About

I (Ross Enamait) started RossBoxing.com in 2001 with hopes of creating a legitimate training resource for aspiring fighters. In the years that followed, I was fortunate to interact with trainers and fighters from around the world.

Regrettably, the site was eventually put on hold due to time constraints. I plan to change that now however by revamping the entire site with loads of new material. It will be a gradual process, but I hope to have the blog up and running with new content in the weeks ahead.

I have been actively involved in the sport of boxing for over 20 years. I started as a fighter and now serve as a trainer. As a youngster, I boxed in the amateurs for over a decade, but unfortunately fell prey to injury. I endured three fractured hands, a broken arm, and ligament damage in my wrist. I was young and ignorant, and made countless mistakes in and out of the gym.

Although inopportune, my injuries allowed me to transition from fighter to trainer. Therefore, I am still fortunate to be involved in the sport on a daily basis. I love my job as a trainer and truly believe that my injuries were a blessing in disguise. I now hope that others can learn from the many mistakes that I made. I will use this blog to share my thoughts about the sport as well as the countless lessons that I have learned (often the hard way).

I look forward to interacting with you all. Feel free to contact me at any time at [email protected] I also encourage you to visit my other training site at rosstraining.com.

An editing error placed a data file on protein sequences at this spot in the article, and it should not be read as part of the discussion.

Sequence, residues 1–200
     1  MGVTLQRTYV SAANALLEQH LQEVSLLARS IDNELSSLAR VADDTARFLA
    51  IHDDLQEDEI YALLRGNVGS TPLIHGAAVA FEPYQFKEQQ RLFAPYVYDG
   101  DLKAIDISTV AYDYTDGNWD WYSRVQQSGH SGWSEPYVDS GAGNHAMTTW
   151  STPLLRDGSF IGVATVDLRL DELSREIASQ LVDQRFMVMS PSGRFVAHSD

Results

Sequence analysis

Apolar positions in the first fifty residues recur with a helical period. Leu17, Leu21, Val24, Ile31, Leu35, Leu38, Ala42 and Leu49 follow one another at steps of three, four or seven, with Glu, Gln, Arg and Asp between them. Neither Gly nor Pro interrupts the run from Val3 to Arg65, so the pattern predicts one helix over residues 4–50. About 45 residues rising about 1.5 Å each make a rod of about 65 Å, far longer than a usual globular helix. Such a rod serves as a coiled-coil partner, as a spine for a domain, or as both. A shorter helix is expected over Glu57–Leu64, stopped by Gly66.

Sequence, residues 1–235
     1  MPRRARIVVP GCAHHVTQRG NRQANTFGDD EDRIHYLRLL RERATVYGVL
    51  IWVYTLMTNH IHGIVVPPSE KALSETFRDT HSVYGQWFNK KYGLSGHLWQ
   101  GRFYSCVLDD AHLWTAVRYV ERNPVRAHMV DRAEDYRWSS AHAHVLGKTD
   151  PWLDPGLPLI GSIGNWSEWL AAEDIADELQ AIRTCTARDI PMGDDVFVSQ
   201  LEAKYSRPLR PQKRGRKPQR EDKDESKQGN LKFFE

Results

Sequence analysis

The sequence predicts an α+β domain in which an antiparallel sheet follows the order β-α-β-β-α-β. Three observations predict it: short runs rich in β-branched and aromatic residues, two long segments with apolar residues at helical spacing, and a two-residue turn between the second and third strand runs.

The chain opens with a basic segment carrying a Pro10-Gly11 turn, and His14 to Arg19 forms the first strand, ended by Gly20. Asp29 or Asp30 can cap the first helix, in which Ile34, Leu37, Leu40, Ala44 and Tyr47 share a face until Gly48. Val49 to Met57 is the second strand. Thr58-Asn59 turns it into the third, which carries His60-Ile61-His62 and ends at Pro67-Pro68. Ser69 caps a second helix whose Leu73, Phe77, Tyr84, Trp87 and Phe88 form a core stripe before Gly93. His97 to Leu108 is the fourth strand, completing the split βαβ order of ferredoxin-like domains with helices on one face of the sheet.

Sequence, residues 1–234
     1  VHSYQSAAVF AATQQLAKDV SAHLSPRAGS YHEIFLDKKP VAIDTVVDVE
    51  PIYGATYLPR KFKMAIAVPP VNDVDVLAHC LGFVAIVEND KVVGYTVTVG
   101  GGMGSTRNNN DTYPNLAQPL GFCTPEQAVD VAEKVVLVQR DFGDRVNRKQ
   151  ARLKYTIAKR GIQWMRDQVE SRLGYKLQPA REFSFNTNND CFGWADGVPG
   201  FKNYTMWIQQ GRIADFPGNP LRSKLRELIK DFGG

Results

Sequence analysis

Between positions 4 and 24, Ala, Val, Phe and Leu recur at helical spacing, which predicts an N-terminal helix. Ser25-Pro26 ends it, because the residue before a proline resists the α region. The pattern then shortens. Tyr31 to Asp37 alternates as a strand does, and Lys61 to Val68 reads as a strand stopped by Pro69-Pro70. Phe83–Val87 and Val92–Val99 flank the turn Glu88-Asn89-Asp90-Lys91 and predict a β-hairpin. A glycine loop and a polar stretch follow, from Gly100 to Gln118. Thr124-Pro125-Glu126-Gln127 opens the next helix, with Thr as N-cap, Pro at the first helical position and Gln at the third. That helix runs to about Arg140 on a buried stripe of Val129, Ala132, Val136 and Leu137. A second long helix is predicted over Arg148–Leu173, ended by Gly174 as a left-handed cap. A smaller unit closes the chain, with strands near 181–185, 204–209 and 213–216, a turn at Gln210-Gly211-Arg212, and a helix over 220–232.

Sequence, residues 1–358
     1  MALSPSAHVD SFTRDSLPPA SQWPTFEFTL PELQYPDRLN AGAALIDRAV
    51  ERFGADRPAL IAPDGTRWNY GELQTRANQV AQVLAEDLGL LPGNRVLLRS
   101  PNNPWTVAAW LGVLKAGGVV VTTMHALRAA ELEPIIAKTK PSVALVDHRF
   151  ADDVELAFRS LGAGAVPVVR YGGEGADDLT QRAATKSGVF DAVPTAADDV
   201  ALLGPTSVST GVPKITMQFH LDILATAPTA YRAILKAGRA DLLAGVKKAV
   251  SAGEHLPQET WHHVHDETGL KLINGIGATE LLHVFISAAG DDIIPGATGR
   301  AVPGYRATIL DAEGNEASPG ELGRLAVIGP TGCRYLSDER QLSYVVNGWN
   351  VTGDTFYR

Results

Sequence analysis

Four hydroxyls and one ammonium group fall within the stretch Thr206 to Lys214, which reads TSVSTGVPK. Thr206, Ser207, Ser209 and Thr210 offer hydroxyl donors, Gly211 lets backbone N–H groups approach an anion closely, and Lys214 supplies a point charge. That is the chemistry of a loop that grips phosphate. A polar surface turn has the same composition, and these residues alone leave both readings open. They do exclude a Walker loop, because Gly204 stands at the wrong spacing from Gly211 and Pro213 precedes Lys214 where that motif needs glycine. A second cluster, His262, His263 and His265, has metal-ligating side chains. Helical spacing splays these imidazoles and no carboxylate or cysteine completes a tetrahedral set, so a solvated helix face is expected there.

Ross Enamait

One comment:

  1. Hi Ross,

    Thank you for the useful info you share on your site regarding training in Cuba and boxing training in general. I live in Shanghai, China, and train primarily alone. I started boxing almost two years ago, and have been doing okay. I am hoping to make it out to Cuba for a week just to learn some effective training method that I can take back with me in order to propel my training further. I’ve done what I could thus far and have been pretty successful in elevating my level but require something of a higher level to get me to the next stage of my growth as a boxer.
    Any suggestions for where to train in Cuba? I was looking to Mexico first, but then thought, hey! Why not Cuba? Puerto Rico is also another place I’m thinking about, but Cuba just seems like less drama in terms of just showing up and it all works out. Every other place seems like, I don’t know, a lot of red tape before you can just get down to training. I read on Trejo’s gym in Cuba and how you sort of just show up and train. Though I like safety and structure, I like that freedom from pretense. You just show up and train. No drama.
    Anyway, thanks in advance.
    Aurora

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